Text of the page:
Sam Rainsy, the former leader of the the Cambodian National Rescue Party, speaks to the Asia Media Centre about the ‘totalitarian drift’ in the country, and the rise in Cambodia's opposition unity.
What’s the political situation in Cambodia now?
There is a totalitarian drift. It’s very worrying. We had a military coup 20 years ago in 1997, but this year we had another coup – not a military but a constitutional coup. The fundamental freedoms enshrined in the constitution are suspended. The democratic institutions and mechanisms do not work; they are blocked. Our prime minister, Hun Sen, has seized all powers.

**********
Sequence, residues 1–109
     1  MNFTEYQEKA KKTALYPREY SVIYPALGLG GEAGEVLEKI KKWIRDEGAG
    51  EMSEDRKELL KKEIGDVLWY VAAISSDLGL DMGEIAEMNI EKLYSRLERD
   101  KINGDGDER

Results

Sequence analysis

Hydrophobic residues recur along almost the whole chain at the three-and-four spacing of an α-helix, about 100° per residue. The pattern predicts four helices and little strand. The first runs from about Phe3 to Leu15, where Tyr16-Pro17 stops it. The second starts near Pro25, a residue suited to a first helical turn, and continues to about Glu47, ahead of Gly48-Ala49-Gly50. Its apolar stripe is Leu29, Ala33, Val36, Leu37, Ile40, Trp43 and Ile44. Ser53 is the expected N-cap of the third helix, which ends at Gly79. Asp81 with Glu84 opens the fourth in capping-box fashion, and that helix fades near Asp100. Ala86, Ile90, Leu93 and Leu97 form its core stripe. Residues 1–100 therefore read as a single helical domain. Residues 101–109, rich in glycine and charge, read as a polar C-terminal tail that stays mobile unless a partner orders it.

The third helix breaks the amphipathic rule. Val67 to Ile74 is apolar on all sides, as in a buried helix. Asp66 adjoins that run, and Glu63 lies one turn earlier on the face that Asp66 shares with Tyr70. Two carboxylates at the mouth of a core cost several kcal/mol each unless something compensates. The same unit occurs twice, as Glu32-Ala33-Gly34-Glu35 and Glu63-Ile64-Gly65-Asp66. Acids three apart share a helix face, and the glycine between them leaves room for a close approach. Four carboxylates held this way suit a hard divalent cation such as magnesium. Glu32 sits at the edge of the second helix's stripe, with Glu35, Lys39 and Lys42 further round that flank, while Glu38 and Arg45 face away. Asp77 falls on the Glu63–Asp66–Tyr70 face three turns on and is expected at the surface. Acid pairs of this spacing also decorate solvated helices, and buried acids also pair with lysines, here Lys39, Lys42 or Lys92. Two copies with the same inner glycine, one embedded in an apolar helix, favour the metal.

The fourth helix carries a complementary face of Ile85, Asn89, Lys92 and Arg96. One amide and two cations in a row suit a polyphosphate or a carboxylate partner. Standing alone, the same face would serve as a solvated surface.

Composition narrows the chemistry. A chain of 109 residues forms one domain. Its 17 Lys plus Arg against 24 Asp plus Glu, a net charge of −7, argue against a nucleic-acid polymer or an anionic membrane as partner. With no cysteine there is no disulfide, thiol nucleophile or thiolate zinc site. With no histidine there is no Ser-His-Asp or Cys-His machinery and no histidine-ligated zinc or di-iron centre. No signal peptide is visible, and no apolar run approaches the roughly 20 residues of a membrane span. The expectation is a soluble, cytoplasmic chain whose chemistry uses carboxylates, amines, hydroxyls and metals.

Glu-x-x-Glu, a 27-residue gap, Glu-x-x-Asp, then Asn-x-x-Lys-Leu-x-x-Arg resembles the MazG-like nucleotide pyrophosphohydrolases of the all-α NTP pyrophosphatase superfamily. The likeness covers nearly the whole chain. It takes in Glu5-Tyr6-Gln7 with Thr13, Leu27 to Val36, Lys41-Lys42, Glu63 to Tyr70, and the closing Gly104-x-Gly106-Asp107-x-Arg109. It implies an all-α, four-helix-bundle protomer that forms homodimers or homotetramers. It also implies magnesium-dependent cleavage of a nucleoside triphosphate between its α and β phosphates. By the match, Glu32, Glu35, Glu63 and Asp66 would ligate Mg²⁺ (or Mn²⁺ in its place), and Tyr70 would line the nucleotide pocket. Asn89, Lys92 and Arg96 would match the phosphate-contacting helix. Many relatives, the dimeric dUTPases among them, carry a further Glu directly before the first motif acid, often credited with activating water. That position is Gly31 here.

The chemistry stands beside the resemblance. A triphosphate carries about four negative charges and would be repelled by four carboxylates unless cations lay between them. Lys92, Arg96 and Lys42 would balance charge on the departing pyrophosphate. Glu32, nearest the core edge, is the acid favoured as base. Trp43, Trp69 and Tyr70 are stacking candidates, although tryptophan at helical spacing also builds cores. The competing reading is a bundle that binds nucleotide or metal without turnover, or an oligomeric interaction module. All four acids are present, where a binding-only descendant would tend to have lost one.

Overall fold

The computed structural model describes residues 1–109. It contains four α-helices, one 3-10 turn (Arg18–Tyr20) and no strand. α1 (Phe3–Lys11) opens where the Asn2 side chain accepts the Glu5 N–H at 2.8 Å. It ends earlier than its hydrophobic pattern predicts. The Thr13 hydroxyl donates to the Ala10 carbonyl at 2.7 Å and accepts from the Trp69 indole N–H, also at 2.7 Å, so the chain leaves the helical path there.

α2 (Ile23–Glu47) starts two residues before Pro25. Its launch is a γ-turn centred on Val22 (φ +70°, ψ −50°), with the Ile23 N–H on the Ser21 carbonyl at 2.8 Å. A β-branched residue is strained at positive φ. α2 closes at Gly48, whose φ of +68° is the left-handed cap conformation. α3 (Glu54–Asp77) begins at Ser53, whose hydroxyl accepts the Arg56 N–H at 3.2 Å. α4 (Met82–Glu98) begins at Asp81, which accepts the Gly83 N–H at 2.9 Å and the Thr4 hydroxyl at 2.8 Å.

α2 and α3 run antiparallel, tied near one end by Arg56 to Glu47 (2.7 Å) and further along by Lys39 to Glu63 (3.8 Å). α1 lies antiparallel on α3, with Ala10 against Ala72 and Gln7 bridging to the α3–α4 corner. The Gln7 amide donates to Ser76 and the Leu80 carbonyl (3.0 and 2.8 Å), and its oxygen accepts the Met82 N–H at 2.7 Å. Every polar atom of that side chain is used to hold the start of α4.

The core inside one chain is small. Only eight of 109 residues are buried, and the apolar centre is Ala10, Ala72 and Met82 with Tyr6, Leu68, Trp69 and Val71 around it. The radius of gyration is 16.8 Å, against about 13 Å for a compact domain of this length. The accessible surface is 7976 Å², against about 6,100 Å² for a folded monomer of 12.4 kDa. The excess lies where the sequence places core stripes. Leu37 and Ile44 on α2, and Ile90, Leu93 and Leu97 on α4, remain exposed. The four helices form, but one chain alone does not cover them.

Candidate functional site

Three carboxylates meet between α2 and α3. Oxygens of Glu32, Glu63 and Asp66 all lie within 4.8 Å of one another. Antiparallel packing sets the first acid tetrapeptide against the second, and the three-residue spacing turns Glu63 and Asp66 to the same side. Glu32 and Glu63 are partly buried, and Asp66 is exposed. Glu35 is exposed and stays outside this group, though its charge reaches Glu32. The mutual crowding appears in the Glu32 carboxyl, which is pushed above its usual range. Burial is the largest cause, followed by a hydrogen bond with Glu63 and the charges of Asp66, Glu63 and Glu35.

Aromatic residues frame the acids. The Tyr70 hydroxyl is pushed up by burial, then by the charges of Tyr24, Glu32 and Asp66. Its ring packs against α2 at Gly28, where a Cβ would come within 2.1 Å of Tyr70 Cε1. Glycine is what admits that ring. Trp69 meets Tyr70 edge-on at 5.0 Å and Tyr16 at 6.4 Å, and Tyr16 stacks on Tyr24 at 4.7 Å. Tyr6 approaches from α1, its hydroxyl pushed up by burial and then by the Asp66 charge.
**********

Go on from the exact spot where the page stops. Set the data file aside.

There is a very brutal crackdown, as evidenced by the arrest and detention of the leader of the opposition leader [Kem Sokha]. And there is only one opposition party. The unity of democratic opposition is a new phenomenon, the first time in Cambodia’s recent history. This has changed the political landscape and brought the opposition neck-to-neck with the ruling party, in spite of many election irregularities.
Had the  election been fair and honest – a real election, I mean – the democratic opposition would have won. That is why there is so much frustration. The people feel that the election did not reflect their will. That is why they call for a real election. This makes Hun Sen very afraid because Hun Sen knows that any real election would make him lose power.
– Asia Media Centre